XXXI.4 July - August 2024
Page: 15
Digital Citation

Steaming Ahead: Will AI Amplify Electric Inequities?

Jonathan Bean

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Herbert Simon famously wrote about design as being the act of devising "courses of action aimed at changing existing situations into preferred ones" [1]. In the world of technology, and in particular AI, it feels more like what's underway is the wholesale creation of a nearly infinite set of possible futures without regard to the consequences—human, environmental, social, or political. It's as though we are cooking pot after pot of AI spaghetti with the single-minded goal of throwing it against the wall to see what sticks. So quickly have we become busy cooking up one batch of spaghetti after another, indeed building vast machines, themselves powered by AI, to cook and throw the spaghetti for us, that we haven't noticed we're not throwing it against a wall, but instead onto other human beings and into a precarious natural world. The boiling water and steaming mess is only partly a metaphor; the data centers currently powering the AI revolution are famously rapacious users of energy, but they are also prodigious producers of heat. Some data center cooling centers dump the excess heat into the air; others move the heat in water, dumping the equivalent of millions of pots of boiling water into waterways or evaporating it into the atmosphere. Need I mention climate change?

At this point, I don't know where I'm going to land on AI, and I don't think anyone else can be sure of our AI future. One recurring idea is that AI will release the masses from the drudgery of work, unleashing higher human creativity and potential. That sounds nice, and I hope it works out that way. But how do we get there, and what is the price? We ignore history at our own peril.


We know—or seem to know—that data centers are spiking energy demand. That is hardly news, but what has surprised some is the apparent severity and speed of the spike in the U.S., where a perfect storm of demand has already arrived. Large incentives in the Inflation Reduction Act and Bipartisan Infrastructure Law have spurred companies to build energy-intensive manufacturing plants in the U.S. Those same policy mechanisms, combined with shifting consumer preferences, are reflected in a shift to energy-hungry electric cars. Utilities are struggling not only to keep up with the growth in demand but also simply to predict it. A recent news article sheds light on the severity of the problem. Amazon, the article reports, is building a server farm powered by a small nuclear plant, in part because it can't find enough power on the grid to buy. In Georgia, the most recent projection of electricity use over the next 10 years is 17 times higher than previous expectations:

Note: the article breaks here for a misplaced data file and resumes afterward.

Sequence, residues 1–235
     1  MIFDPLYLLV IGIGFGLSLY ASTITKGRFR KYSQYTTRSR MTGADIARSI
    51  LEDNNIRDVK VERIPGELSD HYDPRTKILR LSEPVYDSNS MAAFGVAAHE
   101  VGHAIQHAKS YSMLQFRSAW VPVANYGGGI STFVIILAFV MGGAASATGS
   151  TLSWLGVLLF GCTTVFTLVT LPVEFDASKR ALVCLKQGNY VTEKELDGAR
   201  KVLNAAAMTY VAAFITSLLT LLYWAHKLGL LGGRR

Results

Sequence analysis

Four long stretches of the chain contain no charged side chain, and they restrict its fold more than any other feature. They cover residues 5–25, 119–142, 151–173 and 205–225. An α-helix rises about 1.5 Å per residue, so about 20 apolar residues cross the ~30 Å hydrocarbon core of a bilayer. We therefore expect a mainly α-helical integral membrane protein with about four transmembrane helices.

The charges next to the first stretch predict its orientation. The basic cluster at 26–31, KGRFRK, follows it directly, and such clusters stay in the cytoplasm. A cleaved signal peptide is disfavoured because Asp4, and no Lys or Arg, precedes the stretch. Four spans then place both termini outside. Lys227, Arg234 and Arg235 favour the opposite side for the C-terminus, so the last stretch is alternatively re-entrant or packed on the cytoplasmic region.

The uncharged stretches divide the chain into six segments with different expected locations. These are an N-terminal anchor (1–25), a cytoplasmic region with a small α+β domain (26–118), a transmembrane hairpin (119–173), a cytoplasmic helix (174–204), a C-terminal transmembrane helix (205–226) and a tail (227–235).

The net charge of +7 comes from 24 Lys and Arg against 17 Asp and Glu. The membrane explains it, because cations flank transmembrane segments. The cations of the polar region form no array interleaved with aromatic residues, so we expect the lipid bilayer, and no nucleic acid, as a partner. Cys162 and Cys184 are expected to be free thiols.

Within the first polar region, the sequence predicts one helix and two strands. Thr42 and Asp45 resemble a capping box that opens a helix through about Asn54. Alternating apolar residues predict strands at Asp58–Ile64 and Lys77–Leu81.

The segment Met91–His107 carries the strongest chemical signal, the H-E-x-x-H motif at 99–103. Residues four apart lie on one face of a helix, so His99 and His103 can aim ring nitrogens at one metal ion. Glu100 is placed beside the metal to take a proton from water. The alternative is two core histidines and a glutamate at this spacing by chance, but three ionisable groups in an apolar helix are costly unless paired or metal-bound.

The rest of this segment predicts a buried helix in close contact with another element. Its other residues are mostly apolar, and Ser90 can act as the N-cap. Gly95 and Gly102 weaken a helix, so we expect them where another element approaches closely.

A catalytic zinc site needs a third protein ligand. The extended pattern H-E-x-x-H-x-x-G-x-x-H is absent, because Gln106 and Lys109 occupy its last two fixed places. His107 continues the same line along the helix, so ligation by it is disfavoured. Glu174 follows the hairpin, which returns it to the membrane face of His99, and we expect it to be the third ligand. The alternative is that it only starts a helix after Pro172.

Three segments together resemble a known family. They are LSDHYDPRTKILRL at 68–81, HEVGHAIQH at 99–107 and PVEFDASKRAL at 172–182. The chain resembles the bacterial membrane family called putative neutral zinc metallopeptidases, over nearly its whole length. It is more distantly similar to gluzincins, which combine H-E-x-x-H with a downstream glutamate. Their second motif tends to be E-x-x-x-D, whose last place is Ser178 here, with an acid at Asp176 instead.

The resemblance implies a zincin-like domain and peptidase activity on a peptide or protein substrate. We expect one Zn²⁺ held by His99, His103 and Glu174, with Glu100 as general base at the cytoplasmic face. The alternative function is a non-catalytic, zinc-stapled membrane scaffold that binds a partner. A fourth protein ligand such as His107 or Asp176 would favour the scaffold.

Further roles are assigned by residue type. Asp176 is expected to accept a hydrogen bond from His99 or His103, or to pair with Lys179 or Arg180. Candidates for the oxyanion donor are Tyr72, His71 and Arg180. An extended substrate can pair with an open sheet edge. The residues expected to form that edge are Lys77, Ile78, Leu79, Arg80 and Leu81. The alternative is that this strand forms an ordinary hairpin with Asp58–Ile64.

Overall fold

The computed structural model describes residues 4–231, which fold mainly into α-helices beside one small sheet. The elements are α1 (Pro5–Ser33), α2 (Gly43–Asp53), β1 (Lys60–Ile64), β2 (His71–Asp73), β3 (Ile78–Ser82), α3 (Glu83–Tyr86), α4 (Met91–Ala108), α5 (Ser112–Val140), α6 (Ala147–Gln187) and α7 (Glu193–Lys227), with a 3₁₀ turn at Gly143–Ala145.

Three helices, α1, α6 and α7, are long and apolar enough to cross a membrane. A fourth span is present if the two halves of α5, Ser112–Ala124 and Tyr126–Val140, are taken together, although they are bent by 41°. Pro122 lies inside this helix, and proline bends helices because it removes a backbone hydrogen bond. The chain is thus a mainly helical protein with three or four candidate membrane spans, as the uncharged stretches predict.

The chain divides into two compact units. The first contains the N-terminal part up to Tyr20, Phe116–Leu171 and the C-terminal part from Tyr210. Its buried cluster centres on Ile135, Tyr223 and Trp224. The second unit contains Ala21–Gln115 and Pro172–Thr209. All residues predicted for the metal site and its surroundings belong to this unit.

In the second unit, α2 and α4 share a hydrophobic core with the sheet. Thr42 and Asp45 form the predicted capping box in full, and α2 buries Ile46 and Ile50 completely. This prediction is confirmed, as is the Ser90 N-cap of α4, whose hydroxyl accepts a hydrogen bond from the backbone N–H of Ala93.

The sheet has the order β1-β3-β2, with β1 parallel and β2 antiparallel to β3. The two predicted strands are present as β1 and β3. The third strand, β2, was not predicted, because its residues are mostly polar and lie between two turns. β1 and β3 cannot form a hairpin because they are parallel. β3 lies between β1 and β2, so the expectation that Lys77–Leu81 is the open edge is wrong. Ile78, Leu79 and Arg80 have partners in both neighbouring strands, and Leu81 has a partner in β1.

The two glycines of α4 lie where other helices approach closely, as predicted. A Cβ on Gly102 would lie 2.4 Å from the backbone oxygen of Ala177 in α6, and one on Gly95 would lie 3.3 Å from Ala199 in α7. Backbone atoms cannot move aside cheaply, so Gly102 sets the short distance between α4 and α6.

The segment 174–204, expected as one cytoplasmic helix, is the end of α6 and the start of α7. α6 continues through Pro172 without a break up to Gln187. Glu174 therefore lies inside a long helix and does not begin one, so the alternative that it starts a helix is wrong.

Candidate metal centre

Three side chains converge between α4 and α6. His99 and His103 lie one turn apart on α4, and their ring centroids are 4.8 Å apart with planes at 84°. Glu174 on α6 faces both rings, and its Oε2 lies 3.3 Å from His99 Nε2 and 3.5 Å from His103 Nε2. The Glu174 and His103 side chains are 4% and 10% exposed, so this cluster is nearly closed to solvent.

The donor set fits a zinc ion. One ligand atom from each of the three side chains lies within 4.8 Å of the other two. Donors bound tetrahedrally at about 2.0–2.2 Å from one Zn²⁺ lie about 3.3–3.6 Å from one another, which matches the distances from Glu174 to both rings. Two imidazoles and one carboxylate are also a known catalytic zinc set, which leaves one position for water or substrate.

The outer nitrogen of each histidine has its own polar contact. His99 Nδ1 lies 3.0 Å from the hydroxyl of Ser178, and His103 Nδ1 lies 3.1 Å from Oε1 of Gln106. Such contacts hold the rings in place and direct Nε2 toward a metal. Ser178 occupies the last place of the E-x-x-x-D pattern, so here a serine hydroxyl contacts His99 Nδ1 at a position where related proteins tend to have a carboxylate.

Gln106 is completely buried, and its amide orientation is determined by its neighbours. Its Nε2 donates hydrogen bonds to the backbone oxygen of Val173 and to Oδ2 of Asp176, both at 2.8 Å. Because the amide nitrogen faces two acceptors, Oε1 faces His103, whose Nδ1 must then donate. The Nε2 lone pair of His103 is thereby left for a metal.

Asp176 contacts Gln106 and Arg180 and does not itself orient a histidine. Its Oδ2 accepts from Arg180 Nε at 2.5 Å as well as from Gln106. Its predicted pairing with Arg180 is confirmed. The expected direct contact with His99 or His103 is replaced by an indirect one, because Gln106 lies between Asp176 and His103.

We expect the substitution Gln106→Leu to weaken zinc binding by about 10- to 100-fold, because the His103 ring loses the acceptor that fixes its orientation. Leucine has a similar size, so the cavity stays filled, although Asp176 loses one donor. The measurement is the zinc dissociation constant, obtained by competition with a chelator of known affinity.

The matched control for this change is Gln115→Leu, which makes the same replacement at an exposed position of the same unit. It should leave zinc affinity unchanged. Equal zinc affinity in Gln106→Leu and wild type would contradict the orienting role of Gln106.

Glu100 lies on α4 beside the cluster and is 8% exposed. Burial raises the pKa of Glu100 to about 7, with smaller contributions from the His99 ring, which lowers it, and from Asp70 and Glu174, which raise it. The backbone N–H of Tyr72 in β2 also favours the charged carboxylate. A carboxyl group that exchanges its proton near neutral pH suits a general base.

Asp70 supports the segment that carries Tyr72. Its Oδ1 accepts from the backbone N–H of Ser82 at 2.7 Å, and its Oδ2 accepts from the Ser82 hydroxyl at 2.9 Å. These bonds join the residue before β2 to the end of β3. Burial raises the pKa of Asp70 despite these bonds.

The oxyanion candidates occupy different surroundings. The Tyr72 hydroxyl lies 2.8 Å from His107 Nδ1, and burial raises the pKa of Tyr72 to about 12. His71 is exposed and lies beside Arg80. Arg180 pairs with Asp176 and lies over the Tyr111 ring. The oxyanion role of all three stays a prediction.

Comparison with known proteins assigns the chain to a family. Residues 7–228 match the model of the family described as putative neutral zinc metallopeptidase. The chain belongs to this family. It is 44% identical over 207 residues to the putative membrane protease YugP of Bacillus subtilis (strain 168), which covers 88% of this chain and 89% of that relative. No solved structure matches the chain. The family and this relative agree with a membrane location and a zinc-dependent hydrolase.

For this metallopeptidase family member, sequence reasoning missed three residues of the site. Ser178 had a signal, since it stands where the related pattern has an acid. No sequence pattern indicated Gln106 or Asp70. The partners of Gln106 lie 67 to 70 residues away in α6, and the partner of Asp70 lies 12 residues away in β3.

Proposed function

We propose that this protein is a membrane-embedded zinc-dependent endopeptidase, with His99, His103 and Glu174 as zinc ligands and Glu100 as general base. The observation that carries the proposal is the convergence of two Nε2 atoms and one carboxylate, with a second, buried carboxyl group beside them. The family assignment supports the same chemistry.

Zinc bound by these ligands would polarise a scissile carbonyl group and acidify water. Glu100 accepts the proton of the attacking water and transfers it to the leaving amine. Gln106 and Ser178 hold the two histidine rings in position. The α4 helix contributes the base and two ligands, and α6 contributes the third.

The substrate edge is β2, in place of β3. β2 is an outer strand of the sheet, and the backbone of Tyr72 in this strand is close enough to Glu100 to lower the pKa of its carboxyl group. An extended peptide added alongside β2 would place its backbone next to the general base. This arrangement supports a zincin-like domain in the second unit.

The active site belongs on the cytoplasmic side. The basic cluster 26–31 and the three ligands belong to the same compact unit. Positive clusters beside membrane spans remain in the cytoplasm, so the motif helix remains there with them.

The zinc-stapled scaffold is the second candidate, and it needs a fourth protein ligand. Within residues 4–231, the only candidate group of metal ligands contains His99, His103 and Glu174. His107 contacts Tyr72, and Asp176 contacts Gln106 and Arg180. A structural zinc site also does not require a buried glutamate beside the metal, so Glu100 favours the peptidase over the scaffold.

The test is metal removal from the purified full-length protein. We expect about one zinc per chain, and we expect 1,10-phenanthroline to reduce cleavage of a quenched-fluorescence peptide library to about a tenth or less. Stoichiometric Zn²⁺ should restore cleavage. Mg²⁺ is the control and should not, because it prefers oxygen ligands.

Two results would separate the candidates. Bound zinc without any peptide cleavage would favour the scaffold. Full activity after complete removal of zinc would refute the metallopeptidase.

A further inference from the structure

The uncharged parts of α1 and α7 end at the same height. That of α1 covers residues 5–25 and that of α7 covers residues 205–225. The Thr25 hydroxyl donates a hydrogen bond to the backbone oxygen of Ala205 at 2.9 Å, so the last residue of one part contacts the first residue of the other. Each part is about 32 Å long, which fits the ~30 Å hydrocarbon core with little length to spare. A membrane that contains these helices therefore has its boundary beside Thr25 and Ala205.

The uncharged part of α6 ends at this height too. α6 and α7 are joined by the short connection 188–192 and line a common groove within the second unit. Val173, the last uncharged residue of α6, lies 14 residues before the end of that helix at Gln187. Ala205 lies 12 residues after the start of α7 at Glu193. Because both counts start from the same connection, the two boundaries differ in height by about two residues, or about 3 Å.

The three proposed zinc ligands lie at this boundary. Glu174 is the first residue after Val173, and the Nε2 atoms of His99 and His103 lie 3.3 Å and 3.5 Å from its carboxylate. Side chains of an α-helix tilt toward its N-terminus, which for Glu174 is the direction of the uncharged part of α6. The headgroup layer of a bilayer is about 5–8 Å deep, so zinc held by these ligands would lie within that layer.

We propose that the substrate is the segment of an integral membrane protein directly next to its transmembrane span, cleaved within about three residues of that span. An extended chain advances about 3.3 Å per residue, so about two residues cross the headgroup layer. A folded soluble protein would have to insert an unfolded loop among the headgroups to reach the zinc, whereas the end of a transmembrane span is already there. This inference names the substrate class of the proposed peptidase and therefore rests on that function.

It's as though we are cooking pot after pot of AI spaghetti with the single-minded goal of throwing it against the wall to see what sticks.

"When you look at the numbers, it is staggering," said Jason Shaw, chairman of the Georgia Public Service Commission, which regulates electricity. "It makes you scratch your head and wonder how we ended up in this situation. How were the projections that far off? This has created a challenge like we have never seen before" [2].

Power utilities in the U.S. occupy a difficult position in an economy otherwise dictated by market forces. They are granted a monopoly to operate in a given geographic area and are responsible for generating, transmitting, and delivering power to customers. But in some regions of the U.S., an overlying independent system operator, known as an ISO, coordinates generation and transmission on regional grids, keeping just the right flow of electrons headed where they are needed. The economic and material operation of the system—as well as the unique characteristic that electricity must be used at the moment it is created—means utilities are sometimes competitors and sometimes collaborators.

While some electric utilities are operated as nonprofit cooperatives and others are owned by municipalities, about a third of U.S. electricity is generated by investor-owned utilities, which operate under a legal obligation to return value to their shareholders. This means either selling electricity at a higher price (which can be complicated by regulation or the coordination of the ISO) or selling more electricity. For these utilities and others that make money by generating power, data centers should be highly attractive customers. They use large quantities of energy in patterns that are easily predicted; imagine someone who visits a drive-through three times a day and always gets the same order, supersized. But things are getting more complicated because the utility or the ISO both have to make the electricity and deliver it.

So what's happening is a kind of gold rush. As the adage goes, in Yukon Territory, it's better to be the person selling shovels than it is to be a prospector. The problem with this comparison is that in the gold rush, everyone was headed to the same place, so if you had the good sense to sell shovels, there were only a few logical locations—Skagway, Alaska, for example. But this is a distributed gold rush, where the "gold"—excess grid capacity—is spread across the entire electric grid without much logic or reason. To make matters worse, the topology of the network is highly time-dependent. What might be an excellent location for a server farm today might be a terrible one next week, especially if it turns out that your competitor has beat you to it.